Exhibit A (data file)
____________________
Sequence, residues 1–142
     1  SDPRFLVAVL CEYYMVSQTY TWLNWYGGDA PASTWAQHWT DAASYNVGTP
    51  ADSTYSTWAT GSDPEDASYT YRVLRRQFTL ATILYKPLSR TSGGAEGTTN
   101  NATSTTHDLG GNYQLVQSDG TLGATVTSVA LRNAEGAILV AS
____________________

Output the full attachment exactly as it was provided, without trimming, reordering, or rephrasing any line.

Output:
Sequence, residues 1–142
     1  SDPRFLVAVL CEYYMVSQTY TWLNWYGGDA PASTWAQHWT DAASYNVGTP
    51  ADSTYSTWAT GSDPEDASYT YRVLRRQFTL ATILYKPLSR TSGGAEGTTN
   101  NATSTTHDLG GNYQLVQSDG TLGATVTSVA LRNAEGAILV AS